Tackling waste tailings
With recent failures in tailings dams, mining companies have attracted lot of international spotlight and higher levels of activism than ever before. Several lives have been lost in the past decade as tailing dams have collapsed, destroying villages and contaminating natural water bodies, resulting in huge liabilities and loss of shareholder value.
Though mining industry is taking positive steps to become more responsible towards local community welfare with optimum utilization of natural resources, many significant challenges remain.
Each mine is driven by either laws and regulations or out of their own volunteering obligations for sustainability and is continuously looking for ways to conserve resources, reduce their environmental footprint and manage safety.
Mining involves processing of mined ore to separate valuable minerals leaving behind huge volume of waste tailings. Therefore, water conservation and cost of tailings and reclamation are also becoming increasingly significant for sustainable and economically viable mining for long-term survival.
Rethinking sustainable mining
Clearly, the mine operators need a viable and long-term solution to manage risk prone practices with a positive value creation model. The future of mining depends on sustainable mining practices that contribute to equitable development of community and ecosystem while enabling modern life for human being.
Leading the dialogue on dry tailings and addressing decommissioning of legacy dams will encompass conserving water and ore and reducing adverse impact on surrounding areas of a mine.
Conserving Water - Today, about 70% of the mines operated by the major mining companies are in countries where water scarcity is considered as the major risk. Therefore, responsible usage of water is the primary driver for increasing interest in tailings dewatering. Mine operators should adopt smart filtration solutions that either help in maximizing water recovery thus conserving water intake in a mine or provide end to end solution for dry stacking.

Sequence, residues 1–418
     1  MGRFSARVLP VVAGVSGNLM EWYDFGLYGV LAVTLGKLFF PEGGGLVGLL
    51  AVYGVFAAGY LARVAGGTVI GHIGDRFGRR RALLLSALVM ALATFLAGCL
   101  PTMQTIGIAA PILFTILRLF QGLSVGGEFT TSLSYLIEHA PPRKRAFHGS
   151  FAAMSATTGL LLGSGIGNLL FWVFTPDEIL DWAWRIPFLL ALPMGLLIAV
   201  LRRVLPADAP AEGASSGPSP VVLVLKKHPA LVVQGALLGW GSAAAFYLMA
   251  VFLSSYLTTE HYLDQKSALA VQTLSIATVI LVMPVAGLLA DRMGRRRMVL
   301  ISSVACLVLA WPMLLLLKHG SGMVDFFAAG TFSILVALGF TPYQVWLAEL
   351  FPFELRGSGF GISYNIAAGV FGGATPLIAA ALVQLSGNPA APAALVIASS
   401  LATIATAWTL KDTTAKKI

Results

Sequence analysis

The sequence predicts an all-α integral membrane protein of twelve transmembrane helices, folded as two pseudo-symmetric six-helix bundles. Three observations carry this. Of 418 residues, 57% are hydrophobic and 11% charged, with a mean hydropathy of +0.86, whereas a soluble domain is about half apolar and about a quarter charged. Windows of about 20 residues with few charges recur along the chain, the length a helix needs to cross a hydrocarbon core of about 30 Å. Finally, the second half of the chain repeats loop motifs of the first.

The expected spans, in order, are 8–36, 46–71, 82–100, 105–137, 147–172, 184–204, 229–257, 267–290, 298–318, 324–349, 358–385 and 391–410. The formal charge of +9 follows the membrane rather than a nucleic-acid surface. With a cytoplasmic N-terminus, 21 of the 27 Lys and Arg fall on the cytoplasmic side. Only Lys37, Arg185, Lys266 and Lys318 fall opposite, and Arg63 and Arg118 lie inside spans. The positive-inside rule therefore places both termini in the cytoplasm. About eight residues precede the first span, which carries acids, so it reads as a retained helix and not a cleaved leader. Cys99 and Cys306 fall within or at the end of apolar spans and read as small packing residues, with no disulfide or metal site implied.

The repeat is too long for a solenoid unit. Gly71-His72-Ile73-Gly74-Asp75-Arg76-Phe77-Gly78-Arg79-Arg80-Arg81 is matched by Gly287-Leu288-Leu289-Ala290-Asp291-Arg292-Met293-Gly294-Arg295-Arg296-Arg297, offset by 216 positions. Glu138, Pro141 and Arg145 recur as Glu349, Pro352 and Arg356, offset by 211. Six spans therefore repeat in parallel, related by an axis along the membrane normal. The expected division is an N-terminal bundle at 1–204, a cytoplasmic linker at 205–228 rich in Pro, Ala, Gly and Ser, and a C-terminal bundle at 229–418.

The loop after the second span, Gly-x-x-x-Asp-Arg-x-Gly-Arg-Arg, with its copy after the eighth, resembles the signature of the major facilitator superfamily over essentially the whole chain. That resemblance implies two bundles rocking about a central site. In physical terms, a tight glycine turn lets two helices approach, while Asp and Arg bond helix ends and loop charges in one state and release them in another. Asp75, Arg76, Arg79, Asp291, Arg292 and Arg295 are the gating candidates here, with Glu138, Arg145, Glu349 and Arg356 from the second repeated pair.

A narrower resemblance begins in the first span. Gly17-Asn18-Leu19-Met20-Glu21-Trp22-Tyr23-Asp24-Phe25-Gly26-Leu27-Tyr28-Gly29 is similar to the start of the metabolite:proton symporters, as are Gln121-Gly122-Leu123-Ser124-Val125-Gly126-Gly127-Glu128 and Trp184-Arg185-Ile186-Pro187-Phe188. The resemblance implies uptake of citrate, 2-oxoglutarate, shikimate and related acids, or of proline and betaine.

Conserving Ore - The larger objective is to cleanup existing tailings dams and re-process tailings which can provide much needed mine back-fill material and reduce ore extraction from ROM. This would also help conserving ore, increasing mine life and reducing the volume of tailings to be stored.
Social Impact – Replacing wet tailing dams by dry stacking lowers the risk of social hazards, saving lives and property and preserving natural water bodies by eliminating contamination and leaking. A safer and more environmentally sensitive tailings handling & management also reduces conflicts with local communities and regulatory bodies.
Being socially responsible now is our only choice
Efforts to mitigate environmental impacts, protect local communities and improve mining practices should be undertaken throughout the mineral processing value chain and life of a mine. As responsible companies we must think far and beyond with a structured vision for the future of our industry. A vision that not only focusses on an environmentally safe mining operation today but also, in long-term, looking for a viable end-of-mine strategy.
At Metso, we believe that our expertise will derive comprehensive customized solutions that will help mining companies not only to maximize water recovery but also help reduce footprint of tailings dams. Industry leaders expect dry stacks and mine backfills to replace many wet tailings in the next five years, but at Metso, we would not wait to explore interim solutions. We will lead the dialogue and transformation towards dry tailings management and even look at addressing the decommissioning of legacy dams.
This blog post is part of a three-piece series on tailings management in mining. Read the full series:
1. Sustainable & socially responsible mining needs radical transformation
2. How to manage tailings efficiently and economically
3. How to generate value from tailings with reprocessing to be future ready?
VP, Tailings Management Systems